Environmentalists pulled 40 tons of abandoned fishing nets out of the Pacific

When it comes to ocean pollution, fishing nets are especially dangerous to marine life as they drift through the ocean, entangling whales, seals, and turtles.

In an effort to rid the ocean of this harmful marine debris, nonprofit Ocean Voyages Institute managed to pull 40 tons of abandoned fishing nets this month from the Great Pacific Garbage Patch – the largest and most famous collection of trash in the world.

To do this, mariners voyaged from Hawaii to the heart of the Pacific Ocean on a cargo sailboat, where they fished out the derelict nets from a marine gyre location where ocean currents converge between Hawaii and California during their 25-day expedition.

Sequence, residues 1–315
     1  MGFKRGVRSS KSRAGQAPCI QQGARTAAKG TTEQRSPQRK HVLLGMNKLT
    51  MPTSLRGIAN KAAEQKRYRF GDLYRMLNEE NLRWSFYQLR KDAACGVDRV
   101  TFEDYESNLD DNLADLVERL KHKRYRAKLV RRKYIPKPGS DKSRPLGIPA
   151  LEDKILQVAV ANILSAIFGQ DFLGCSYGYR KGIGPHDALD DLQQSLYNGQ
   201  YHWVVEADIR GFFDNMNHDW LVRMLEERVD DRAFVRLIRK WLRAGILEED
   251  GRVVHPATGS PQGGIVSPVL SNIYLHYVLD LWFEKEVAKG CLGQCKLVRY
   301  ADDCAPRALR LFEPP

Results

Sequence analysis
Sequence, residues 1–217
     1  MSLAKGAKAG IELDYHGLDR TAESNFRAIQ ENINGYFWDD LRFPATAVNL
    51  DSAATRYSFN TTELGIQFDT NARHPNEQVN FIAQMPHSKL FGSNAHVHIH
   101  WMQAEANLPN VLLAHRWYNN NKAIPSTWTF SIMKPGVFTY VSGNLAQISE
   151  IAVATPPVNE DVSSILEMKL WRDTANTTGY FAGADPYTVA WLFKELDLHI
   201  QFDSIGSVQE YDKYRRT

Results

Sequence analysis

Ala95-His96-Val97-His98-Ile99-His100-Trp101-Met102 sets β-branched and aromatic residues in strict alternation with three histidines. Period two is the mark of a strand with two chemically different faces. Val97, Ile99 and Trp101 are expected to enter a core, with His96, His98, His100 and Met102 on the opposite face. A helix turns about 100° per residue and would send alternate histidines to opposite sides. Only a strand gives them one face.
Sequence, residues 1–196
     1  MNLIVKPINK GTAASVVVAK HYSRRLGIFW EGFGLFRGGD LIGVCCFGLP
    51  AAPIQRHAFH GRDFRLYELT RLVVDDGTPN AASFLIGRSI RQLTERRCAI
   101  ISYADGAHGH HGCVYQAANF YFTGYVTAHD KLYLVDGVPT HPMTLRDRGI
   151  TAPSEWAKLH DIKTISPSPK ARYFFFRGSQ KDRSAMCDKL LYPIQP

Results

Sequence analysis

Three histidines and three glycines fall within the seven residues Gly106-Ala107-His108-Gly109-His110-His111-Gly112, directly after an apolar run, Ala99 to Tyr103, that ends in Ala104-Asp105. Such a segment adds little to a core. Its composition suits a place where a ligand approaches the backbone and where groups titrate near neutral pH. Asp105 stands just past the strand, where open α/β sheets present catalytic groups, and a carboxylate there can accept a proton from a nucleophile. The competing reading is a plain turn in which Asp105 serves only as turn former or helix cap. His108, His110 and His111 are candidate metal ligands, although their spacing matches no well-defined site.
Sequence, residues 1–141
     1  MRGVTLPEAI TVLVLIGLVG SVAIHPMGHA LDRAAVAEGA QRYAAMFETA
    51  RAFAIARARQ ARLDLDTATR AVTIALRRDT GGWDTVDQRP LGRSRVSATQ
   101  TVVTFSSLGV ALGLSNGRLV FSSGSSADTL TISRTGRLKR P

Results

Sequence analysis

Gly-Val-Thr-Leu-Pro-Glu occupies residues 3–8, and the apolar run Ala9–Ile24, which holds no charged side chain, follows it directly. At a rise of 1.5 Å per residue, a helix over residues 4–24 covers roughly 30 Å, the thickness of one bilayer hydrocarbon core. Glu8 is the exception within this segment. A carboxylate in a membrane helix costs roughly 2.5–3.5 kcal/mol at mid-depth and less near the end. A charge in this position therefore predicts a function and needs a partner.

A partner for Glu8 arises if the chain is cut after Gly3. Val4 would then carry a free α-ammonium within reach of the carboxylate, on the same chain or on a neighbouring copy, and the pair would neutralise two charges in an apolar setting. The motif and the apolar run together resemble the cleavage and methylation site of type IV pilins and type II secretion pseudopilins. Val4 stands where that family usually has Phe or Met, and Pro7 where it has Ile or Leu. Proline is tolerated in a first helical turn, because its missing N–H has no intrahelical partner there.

The cargo ship returned to Honolulu, where 2 tons of plastic trash was separated from the haul of fishing nets and donated to local artists to transform it into artwork to educate people about ocean plastic pollution. The rest of the refuse was turned over to a zero-emissions energy plant that will incinerate it and turn it into energy.

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